Watch the Video Central to the Erin Johnson Case

Video Has Become Lightning Rod in Suit Between JWT's Former Communications Chief And The Agency

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After much back and forth between Erin Johnson's lawyers and those representing JWT and WPP, the video that Ms. Johnson's legal team alleges shows former JWT chairman-CEO Gustavo Martinez making racial remarks has been made public.

The video became a focal point of a lawsuit Ms. Johnson filed March 10 against Mr. Martinez, JWT and its parent company WPP alleging that Mr. Martinez repeatedly made racist and sexist comments. The original lawsuit mentioned a video, but did not tie it to a specific incident. That later changed when Ms. Johson's lawyers on March 14 filed an amended lawsuit seeking to submit a video into evidence.

The video is from a corporate meeting held last May in Miami, Fla. According to the original suit, druring the taped meeting, Mr. Martinez made comments about a party at the hotel the night before: "The previous night, there had been a large party at the hotel's nightclub attended by mostly African-American guests. At the start of his presentation, Martinez described the hotel as 'tricky.' He explained that he 'found . . . different and strange characters in the elevator.' He further explained, 'I was thinking I was going to be raped at the elevator,' but 'not in a nice way.'" Those comments can be heard in the video.

WPP originally sought to have the video sealed, saying it contained proprietary agency processes that couldn't be seen by outsiders. It also said that making it public would violate the privacy of those in the video. The company later reversed course and said it would not object to the release of the video, so long as faces were obscured.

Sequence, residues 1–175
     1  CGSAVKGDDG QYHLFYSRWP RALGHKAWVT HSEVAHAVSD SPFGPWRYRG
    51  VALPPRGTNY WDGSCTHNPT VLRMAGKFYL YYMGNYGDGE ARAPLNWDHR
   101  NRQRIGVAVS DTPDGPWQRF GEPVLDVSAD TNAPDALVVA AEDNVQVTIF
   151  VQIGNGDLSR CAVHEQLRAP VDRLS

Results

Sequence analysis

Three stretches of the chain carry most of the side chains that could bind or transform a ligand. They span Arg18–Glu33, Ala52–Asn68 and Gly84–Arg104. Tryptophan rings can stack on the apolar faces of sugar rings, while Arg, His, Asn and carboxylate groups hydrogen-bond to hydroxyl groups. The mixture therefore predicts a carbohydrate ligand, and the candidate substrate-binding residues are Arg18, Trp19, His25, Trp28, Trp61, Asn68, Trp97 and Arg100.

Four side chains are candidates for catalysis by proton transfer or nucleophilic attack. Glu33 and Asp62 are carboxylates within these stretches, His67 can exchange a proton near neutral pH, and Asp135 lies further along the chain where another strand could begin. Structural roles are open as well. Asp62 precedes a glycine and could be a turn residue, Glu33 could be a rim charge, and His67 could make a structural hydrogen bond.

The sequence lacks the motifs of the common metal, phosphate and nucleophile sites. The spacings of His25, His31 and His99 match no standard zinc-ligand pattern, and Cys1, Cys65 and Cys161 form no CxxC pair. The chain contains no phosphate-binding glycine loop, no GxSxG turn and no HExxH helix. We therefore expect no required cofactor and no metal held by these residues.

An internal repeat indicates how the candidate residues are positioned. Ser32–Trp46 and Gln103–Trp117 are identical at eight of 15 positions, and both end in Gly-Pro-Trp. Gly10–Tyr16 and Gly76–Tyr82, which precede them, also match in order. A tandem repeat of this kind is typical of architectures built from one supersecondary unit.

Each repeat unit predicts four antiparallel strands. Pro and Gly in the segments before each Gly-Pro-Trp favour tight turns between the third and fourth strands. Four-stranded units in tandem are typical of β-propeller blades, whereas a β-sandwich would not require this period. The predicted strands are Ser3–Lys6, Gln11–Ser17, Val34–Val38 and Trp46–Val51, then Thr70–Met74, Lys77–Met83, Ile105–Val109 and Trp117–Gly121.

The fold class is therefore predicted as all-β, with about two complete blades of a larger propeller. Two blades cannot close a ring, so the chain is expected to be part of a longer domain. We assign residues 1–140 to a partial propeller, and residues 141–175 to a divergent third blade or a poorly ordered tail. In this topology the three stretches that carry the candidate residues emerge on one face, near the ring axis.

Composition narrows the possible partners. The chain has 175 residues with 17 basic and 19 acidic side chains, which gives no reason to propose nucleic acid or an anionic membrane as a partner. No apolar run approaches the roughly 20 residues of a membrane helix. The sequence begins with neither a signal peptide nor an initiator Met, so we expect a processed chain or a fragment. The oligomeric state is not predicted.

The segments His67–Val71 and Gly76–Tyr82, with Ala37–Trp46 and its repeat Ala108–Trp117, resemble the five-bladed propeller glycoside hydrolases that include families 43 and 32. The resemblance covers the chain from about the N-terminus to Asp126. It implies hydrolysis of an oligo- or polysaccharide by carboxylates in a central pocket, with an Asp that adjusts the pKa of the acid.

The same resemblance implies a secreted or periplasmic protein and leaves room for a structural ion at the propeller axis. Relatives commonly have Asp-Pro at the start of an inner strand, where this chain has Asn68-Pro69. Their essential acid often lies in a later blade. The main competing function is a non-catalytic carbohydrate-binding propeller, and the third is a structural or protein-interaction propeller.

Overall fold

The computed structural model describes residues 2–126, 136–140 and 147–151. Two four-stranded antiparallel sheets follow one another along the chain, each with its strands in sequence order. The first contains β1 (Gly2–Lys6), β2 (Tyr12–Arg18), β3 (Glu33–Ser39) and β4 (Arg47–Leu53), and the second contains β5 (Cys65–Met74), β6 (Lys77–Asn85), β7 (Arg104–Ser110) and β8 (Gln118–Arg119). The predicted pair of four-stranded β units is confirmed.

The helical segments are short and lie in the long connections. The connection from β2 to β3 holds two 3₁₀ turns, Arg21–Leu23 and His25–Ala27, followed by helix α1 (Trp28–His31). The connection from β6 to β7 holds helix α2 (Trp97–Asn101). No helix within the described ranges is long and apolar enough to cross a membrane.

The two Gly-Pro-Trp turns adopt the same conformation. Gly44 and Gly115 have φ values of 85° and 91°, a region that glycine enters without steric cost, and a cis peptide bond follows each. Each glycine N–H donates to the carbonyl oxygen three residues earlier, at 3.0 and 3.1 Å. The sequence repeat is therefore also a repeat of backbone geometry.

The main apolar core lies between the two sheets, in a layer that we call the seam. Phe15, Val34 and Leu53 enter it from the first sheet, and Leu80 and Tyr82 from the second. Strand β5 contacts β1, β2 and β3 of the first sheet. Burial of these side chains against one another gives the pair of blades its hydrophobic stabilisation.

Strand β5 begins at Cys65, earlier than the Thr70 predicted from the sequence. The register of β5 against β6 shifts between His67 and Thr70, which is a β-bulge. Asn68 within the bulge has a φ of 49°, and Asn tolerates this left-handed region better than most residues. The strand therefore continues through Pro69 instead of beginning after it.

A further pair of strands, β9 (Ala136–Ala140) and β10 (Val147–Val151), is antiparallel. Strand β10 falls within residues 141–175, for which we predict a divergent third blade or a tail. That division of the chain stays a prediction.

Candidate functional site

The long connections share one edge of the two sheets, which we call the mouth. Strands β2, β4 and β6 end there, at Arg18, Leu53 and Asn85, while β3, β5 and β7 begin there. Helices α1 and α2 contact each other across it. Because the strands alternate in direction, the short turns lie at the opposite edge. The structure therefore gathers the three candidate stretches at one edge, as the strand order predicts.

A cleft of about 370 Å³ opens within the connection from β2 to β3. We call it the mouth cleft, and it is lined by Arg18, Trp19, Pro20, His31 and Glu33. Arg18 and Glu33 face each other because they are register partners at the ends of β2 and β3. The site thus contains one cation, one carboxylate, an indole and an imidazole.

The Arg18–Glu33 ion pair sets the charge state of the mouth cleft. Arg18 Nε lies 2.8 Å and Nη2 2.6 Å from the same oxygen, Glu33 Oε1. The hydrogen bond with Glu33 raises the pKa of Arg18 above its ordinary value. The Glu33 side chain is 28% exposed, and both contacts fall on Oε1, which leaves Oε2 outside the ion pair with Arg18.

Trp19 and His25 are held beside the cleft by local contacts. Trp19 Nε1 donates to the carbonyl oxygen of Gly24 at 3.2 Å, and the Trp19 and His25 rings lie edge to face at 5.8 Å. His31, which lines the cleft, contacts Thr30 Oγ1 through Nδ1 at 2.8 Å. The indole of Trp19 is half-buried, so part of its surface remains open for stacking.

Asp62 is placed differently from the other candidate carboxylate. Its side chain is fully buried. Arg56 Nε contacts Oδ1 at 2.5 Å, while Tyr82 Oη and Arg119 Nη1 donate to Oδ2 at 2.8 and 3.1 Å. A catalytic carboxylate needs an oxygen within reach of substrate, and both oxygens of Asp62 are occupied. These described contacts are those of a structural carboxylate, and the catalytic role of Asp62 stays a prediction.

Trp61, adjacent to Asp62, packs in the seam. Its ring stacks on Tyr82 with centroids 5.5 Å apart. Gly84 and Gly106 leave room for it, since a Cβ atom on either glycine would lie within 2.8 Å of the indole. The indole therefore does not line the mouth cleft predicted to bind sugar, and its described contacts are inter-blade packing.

Several executives from JWT filed affidavits in support of Mr. Martinez, including New York head Lynn Power and Chief Creative Officer Matt Eastwood, saying that he was only making those comments during the meeting to ease tensions and lighten the mood.

In the video, Mr. Martinez apologizes to one woman, whose hotel room Mr. Martinez said was "very visited" the previous night. He later tells people in attendance to check their luggage. Ms. Johnson's lawyers in a previous filing references those comments, saying that the defendants' "claims ring hollow given defendants' willingness to have their current employees describe in a public filing a situation where conduct at a Hip Hop party and a hotel's misplacing luggage purportedly made a joke about rape an antidote to tension."

In the joint affidavit, JWT employees reference the luggage, saying: "We are aware of several problems that occurred at the hotel before and during those meetings," the document said. "We know that the police were dealing with a rowdy crowd at the hotel on a Sunday night and we are aware that employees believed that they had things stolen at the hotel. Events at the hotel caused apprehension amongst the JWT employees."

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